Spain’s Socialist party is poised to take office next week following last-minute deals Friday, heading a centre-left coalition government and ending almost a year of uncertainty in the eurozone's fourth-largest economy.
The party, headed by interim Prime Minister Pedro Sánchez, reached the agreements with a handful of small regional parties which promised they would abstain and enable Sánchez to win a confidence vote scheduled for next Tuesday.
The Socialists got the most votes in two consecutive general elections last year. But both times they failed to capture a parliamentary majority, meaning they couldn’t win the confidence vote that is required before taking office.
The country has been run by Mr Sánchez’s caretaker government for close to a year.
Following the last election in November, Mr Sánchez secured a coalition deal with the anti-austerity United We Can party that gave him an accumulated 155 seats in the 350-seat parliament. Since then his party has battled to win the backing of — or a promise of abstention from — regional parties. The latter appeared guaranteed after Friday's deals.
Mr Sánchez is not expected to clinch an absolute majority of 176 votes in the first round of voting due Sunday but is now set to get the required simple majority — more votes for than against — in a second vote Tuesday that will place him back in the Moncloa Palace, Spain's seat of government.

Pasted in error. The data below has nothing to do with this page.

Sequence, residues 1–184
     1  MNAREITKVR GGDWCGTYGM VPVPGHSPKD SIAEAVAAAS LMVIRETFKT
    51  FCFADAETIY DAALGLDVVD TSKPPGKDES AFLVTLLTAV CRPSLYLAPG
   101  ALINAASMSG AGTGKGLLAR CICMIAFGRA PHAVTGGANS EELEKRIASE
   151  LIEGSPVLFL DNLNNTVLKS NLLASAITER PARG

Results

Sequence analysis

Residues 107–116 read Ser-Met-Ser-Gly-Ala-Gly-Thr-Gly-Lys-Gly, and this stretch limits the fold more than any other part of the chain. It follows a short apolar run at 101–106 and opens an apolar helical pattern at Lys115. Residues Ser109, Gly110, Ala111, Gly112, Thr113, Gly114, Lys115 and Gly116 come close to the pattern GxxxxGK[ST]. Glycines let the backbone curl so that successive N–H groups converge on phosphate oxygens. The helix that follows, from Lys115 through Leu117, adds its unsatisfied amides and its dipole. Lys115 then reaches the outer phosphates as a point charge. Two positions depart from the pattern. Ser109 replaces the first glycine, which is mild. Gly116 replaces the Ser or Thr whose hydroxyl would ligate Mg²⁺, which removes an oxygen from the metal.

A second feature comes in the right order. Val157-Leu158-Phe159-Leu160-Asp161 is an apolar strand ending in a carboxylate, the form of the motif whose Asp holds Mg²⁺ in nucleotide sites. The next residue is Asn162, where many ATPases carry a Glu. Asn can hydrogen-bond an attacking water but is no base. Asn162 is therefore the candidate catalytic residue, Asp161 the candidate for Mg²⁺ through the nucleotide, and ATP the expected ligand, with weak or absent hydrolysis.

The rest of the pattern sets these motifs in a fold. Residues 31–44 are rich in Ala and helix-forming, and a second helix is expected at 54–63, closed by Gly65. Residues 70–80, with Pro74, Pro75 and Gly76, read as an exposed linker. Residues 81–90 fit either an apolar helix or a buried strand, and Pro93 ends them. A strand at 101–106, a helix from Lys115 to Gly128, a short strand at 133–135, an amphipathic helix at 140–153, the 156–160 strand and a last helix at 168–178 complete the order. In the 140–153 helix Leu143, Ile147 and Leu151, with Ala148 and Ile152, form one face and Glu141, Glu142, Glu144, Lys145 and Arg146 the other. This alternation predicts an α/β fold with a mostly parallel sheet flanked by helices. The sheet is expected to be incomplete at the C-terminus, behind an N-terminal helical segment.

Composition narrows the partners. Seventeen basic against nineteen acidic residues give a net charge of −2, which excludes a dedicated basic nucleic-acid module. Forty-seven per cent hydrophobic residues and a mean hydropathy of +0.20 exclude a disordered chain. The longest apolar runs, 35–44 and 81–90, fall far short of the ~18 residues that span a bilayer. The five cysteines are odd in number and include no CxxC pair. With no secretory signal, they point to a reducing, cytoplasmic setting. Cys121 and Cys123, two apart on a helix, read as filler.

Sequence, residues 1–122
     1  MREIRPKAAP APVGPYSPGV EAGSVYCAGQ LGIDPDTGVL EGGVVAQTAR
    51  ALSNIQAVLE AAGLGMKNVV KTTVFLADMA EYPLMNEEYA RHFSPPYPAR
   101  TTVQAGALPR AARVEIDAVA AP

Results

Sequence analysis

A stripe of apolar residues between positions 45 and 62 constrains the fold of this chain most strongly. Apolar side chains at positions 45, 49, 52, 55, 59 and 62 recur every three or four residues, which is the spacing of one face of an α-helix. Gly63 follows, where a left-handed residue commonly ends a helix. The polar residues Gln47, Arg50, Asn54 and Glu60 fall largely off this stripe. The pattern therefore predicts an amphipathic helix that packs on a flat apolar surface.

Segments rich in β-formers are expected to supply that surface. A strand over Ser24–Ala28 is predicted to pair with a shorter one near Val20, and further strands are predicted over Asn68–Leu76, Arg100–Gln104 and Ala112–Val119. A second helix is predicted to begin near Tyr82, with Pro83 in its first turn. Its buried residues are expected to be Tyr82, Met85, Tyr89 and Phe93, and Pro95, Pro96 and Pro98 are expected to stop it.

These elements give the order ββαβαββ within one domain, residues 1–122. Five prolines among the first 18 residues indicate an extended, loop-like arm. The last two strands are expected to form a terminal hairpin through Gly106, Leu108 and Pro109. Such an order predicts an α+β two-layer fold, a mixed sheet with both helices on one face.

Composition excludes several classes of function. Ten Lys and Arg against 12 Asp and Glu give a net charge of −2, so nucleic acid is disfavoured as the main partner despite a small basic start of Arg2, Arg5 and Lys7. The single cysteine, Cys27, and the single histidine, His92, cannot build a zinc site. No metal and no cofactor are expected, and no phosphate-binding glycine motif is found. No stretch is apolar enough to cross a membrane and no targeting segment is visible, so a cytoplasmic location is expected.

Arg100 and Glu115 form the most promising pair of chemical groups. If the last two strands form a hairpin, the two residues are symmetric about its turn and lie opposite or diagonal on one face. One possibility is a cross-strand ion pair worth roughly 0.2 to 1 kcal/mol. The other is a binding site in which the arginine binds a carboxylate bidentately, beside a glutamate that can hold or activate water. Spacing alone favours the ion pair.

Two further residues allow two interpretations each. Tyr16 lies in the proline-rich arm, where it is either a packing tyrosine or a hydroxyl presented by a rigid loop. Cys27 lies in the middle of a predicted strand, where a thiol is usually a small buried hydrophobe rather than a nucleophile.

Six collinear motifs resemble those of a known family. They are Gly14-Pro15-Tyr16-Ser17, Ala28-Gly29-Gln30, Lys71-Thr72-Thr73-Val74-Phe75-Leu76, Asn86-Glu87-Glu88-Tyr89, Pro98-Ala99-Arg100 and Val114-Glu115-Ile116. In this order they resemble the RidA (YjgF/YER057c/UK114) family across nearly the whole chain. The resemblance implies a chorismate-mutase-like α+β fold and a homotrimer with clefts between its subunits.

It would be Spain's first coalition government since the country returned to democracy in 1978, three years after the death of long-time dictator Gen. Francisco Franco.
The Socialists insist the deals they have reached will allow their coalition government to last its four-year term. But they will continually have to rely on the goodwill of some 20 deputies who agreed to abstain, and it could be a rocky road ahead for Mr Sánchez.
The deepest doubts about the government's staying power stem from the abstention deal clinched with the 13-deputy regional Catalan ERC party, one of several groups that want Catalonia’s independence from Spain. Most of his political opponents accuse Sánchez of allying himself with parties that want to break up Spain.
The Catalan independence push has caused Spain’s most serious political crisis in decades.
The Socialists defend the deal, saying the Catalan crisis must be resolved through talks, something they have agreed to do with the ERC.